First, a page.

The trend for inpatient care reflects the unique challenges faced in treating internet addiction – both related to online gaming and more generally – compared to more commonly understood addictions such as alcoholism and drug abuse. While addicts receiving outpatient treatment for conventional substance abuse can be monitored by way of blood and urine tests, that’s not possible with those fighting internet addictions. Inpatient rehabilitation often provides the only way to ensure that sufferers really go cold turkey.
Yet intensive inpatient programmes like these are often prohibitively expensive, putting them out of the reach of most ordinary Thais. In addition, these programmes are largely conducted in English, meaning they predominantly attract sufferers from overseas, as well as those from the relatively small proportion of the Thai population who speak good enough English to be able to benefit. The Edge says as many as 97 percent of its inpatients are from abroad, predominantly from Australia, the UK, Hong Kong, Singapore, Malaysia and the Middle East.
What are the other options? According to The New York Times, fellow tech-loving nation South Korea has taken measures to combat youth gaming addiction, such as blocking children from accessing online gaming portals late at night, and providing funding for clinics offering gaming addiction treatment. Exploring similar solutions in Thailand would almost certainly allow the wider population to access effective treatment to counter this unfolding epidemic.
The Edge’s John Logan is not altogether optimistic: “Given the all-pervading nature of the technology in the age of smartphones, and the prospect for commercial opportunities that society has not even fathomed, the likelihood is that gaming addiction will continue to grow.”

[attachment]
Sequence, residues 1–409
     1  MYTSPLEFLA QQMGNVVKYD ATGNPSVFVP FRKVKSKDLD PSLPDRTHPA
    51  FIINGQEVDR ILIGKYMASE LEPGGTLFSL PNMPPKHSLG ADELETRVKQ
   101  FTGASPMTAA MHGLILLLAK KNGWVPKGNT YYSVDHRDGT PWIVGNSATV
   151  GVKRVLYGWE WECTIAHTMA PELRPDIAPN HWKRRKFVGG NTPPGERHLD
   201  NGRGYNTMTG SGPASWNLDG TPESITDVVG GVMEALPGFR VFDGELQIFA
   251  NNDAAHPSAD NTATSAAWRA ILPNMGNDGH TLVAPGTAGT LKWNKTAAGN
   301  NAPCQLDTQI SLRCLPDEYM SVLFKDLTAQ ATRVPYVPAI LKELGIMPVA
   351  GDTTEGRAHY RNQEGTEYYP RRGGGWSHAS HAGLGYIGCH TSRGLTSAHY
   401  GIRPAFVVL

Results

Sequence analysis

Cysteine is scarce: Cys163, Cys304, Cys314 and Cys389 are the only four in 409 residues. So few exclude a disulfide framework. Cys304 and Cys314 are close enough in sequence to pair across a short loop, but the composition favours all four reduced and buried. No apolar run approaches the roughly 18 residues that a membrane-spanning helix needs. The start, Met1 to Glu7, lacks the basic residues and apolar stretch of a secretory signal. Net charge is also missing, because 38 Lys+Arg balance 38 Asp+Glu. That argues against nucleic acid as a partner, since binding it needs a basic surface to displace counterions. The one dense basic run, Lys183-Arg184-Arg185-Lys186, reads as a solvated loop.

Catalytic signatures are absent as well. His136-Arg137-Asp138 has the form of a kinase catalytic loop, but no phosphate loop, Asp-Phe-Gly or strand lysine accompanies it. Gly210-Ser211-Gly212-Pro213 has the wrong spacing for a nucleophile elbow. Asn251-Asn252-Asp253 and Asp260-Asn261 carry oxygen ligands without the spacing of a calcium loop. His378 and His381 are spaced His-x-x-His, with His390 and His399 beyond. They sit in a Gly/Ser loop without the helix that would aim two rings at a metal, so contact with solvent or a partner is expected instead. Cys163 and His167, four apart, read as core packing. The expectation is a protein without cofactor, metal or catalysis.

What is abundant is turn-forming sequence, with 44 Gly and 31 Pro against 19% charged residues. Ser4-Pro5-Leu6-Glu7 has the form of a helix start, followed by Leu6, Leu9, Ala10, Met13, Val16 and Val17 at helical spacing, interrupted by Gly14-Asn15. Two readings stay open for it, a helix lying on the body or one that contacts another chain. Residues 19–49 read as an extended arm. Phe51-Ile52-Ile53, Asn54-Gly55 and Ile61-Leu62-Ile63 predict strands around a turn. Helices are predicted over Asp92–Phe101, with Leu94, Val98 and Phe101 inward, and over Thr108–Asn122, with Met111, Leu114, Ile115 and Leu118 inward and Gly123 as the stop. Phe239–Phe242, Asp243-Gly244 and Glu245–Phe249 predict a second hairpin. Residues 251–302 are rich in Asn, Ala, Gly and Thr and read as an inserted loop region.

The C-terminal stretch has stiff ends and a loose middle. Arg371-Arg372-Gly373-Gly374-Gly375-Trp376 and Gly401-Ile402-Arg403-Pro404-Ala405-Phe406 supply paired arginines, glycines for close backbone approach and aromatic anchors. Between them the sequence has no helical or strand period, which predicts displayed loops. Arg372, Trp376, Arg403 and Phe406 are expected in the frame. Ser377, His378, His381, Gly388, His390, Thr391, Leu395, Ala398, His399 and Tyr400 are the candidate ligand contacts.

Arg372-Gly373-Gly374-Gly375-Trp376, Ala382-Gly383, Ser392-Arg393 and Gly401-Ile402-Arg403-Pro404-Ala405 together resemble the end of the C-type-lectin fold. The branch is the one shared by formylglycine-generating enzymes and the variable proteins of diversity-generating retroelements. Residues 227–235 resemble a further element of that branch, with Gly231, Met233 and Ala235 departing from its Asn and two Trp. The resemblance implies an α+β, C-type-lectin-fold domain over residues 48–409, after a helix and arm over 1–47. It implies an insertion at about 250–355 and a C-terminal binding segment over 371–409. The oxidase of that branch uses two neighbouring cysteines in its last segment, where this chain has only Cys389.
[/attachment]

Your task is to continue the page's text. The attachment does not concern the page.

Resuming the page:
Wednesday 10 October is World Mental Health Day. To highlight this, Culture Trip is looking at how different societies are shining a light on this important issue in innovative and alternative ways.
The content of this article is provided for general information only and is not an attempt to practise medicine or give specific medical advice, including, without limitation, advice concerning the topic of mental health. The information contained in this article is for the sole purpose of being informative and is not to be considered complete, and does not cover all issues related to mental health. Moreover, this information should not replace consultation with your doctor or other qualified mental health providers and/or specialists. If you believe you or another individual is suffering a mental health crisis or other medical emergency, please seek medical attention immediately.
If you are experiencing mental health issues, in the UK, Samaritans can be contacted on 116 123 or email firstname.lastname@example.org. You can contact the mental health charity Mind by calling 0300 123 3393 or visiting mind.org.uk. Please note there are no affiliations of any kind between the aforementioned organisations and Culture Trip.